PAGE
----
The personal-luxury market arrived in the late 1950s when Ford's four-seat Thunderbird appeared in 1958. Billed as a personal car for buyers, with its aircraft-inspired centre console, high-performance engine and special power options, these features became a standard bill-of-fare for other manufacturers to follow.
For 1961, Oldsmobile introduced the Starfire to bolster its coverage in the personal luxury category. With a late January 1961 release date and the fact that it was offered as a convertible only, it still managed to produce a very reasonable 7,800 sales. The top-of-the-line Starfire was well received and while it probably cut into the posh Ninety-Eight models sales, Oldsmobile expanded the series in 1962, adding a sporty two-door Holiday hardtop.
This proved to be the market punch Oldsmobile was looking for. Convertible sales stayed at a respectable 7,149 production figure and the Holiday hardtop took off with sales of 34,839. Well equipped with sports console, tachometer, Hydra-Matic three-speed automatic transmission and console shifter, power steering, power brakes, leather upholstery, dual exhaust with fiberglass-packed mufflers and a model specific brushed aluminum side trim, this boulevard cruiser was a real looker.
Under the hood, was the Starfire Ultra High Compression, 394-cubic-inch V-8. Equipped with 10.5:1 compression, and a Rochester four-barrel carburetor, it produced 345 horsepower at 4,600 r.p.m. and 440 pound-feet of torque at 3,200 r.p.m. While it may not have been a stoplight terror, performance was very respectable, given its 4,400-pound curb weight. Priced at more than $4,000 before optional extras and riding on a 123-inch wheelbase, the Starfire was a large full-size car.
For Larry Brown of Stony Mountain, the 1962 Oldsmobile Starfire has always held fond memories.
"I had a convertible about 40 years ago, when I was living in Winnipeg," said Brown. "It was right after I sold the car, that I started kickin' myself in the butt."
As the years and other vehicles came and went, Brown kept a watchful eye out for another '62 Starfire.
In September 2014, Brown was on the Cranky Ape online auction site and spotted a '62 Starfire Holiday hardtop finished in "Cirrus Blue" with a two-tone blue interior. When the auction ended, he was the car's new owner and had to begin preparations for its transport.
"The process to bring a car into Canada and have the necessary paperwork in place is more complex now than in the past," said Brown, "so it took a bit longer."
The trip to the Cranky Ape compound in Lake Elmo, Minn., went smoothly and the car was imported into Manitoba on a trailer.
As with any purchase of a classic or pre-owned vehicle, you're always going to find some items that need attention and some things that you want to change or alter.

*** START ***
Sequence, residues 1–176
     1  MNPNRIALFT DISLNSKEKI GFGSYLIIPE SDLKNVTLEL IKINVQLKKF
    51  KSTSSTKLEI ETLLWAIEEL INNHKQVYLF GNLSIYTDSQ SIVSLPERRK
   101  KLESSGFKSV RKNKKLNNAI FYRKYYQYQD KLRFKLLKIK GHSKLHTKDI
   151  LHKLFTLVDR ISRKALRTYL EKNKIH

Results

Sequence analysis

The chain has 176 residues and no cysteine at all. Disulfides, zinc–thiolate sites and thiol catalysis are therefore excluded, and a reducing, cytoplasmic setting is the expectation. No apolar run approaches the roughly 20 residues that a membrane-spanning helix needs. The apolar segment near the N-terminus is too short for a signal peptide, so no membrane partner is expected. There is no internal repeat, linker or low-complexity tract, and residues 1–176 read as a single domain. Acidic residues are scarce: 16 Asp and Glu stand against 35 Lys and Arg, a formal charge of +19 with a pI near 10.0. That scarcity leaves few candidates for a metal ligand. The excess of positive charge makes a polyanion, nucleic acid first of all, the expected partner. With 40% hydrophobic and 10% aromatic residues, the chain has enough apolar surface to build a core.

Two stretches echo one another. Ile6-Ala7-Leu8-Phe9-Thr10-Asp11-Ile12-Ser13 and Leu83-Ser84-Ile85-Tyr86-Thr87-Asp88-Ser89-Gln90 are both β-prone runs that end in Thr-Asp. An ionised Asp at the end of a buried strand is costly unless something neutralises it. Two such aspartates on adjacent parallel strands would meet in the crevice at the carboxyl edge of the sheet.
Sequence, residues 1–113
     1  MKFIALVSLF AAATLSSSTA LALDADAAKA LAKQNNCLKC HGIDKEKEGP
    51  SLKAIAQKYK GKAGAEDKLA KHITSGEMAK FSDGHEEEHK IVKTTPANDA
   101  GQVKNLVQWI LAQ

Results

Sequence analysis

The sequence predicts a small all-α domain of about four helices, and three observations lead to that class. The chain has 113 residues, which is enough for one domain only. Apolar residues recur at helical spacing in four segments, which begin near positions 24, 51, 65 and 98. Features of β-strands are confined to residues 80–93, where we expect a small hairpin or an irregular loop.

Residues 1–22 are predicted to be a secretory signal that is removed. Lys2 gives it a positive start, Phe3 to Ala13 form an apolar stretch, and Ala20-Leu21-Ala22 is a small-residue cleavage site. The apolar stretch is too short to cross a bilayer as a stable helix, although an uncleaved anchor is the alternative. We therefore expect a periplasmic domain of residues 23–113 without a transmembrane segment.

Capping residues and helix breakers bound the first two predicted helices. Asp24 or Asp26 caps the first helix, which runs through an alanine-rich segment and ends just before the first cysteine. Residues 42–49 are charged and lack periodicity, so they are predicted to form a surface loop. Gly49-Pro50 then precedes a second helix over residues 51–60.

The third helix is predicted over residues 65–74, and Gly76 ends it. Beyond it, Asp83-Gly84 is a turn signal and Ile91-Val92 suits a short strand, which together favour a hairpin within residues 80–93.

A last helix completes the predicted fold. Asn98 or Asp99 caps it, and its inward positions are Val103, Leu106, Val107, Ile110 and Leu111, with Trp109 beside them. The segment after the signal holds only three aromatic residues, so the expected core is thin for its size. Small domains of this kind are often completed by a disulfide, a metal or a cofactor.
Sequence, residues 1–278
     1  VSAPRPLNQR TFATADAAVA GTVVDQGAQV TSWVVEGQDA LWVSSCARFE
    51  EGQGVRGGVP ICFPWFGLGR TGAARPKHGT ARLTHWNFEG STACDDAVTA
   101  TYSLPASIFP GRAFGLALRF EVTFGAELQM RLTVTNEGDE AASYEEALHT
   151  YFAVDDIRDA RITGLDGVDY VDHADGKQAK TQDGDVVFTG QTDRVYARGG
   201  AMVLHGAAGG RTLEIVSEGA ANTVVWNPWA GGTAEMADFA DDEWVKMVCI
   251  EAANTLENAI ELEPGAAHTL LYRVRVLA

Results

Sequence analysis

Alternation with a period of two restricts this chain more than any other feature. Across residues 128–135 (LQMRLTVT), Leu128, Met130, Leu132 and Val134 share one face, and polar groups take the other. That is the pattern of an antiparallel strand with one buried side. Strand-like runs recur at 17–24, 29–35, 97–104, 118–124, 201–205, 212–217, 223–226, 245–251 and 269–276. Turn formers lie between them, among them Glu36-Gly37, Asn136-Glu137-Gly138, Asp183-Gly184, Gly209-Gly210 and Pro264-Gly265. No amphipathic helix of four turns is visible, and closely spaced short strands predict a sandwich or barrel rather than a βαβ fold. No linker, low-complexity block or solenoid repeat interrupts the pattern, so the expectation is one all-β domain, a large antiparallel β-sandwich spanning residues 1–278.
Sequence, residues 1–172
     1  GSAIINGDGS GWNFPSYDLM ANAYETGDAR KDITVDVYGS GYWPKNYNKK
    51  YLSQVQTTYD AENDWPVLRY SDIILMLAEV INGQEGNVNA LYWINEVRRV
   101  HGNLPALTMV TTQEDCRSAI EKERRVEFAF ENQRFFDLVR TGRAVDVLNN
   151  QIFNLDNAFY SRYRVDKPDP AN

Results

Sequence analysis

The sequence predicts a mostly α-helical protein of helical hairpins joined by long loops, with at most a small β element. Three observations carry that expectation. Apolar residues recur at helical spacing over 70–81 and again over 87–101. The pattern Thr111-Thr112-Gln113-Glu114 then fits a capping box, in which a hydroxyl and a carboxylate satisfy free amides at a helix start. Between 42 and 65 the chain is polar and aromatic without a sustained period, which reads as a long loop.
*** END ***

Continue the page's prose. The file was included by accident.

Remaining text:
For Brown, it was a matter of getting it cleaned up over the past winter, with a new trunk liner, sideboard kit and some new 14-inch whitewall radial tires. Brown also added an AM/FM/MP3 player in the glove box to keep the music flowing.
To improve the ride, four new coil springs were installed with the rear coils allowing for a two-inch drop in ride height to give the cruiser a lowered stance. Next came a pair of new rear fender skirts, a new battery and a trip to Seven Oaks Transmission to correct an erratic shifting problem.
Brown's Starfire comes with all of the standard features plus optional power windows, power driver seat, power antenna, power trunk release, tinted glass, deluxe AM radio and factory air conditioning.
Purchasing the car late in the year didn't give Brown much of a chance last fall to get it out on the road, but this year he and his wife, Connie, have been taking in a few show and cruises, including a recent trip to the South Beach Casino & Resort Annual Car Show. The couple are also proud members of the Manitoba Oldsmobile Car Club and it's a sure bet their Starfire will see plenty of road ahead.
With the personal-luxury market becoming increasingly cramped and sales of the Ninety-Eight two-door hardtops and new Oldsmobile Toronado increasing, the Starfire convertible was dropped for 1966.
With only the hardtop remaining, sales fell to 13,019 models and the Starfire disappeared from the Oldsmobile lineup with the introduction of the 1967 models.
Today, the Starfire has a reasonable following and is looked upon as a desirable classic amongst collectors and enthusiasts. General Motors ceased all Oldsmobile production in 2004, closing the chapter on a brand that had been in production for 107 years.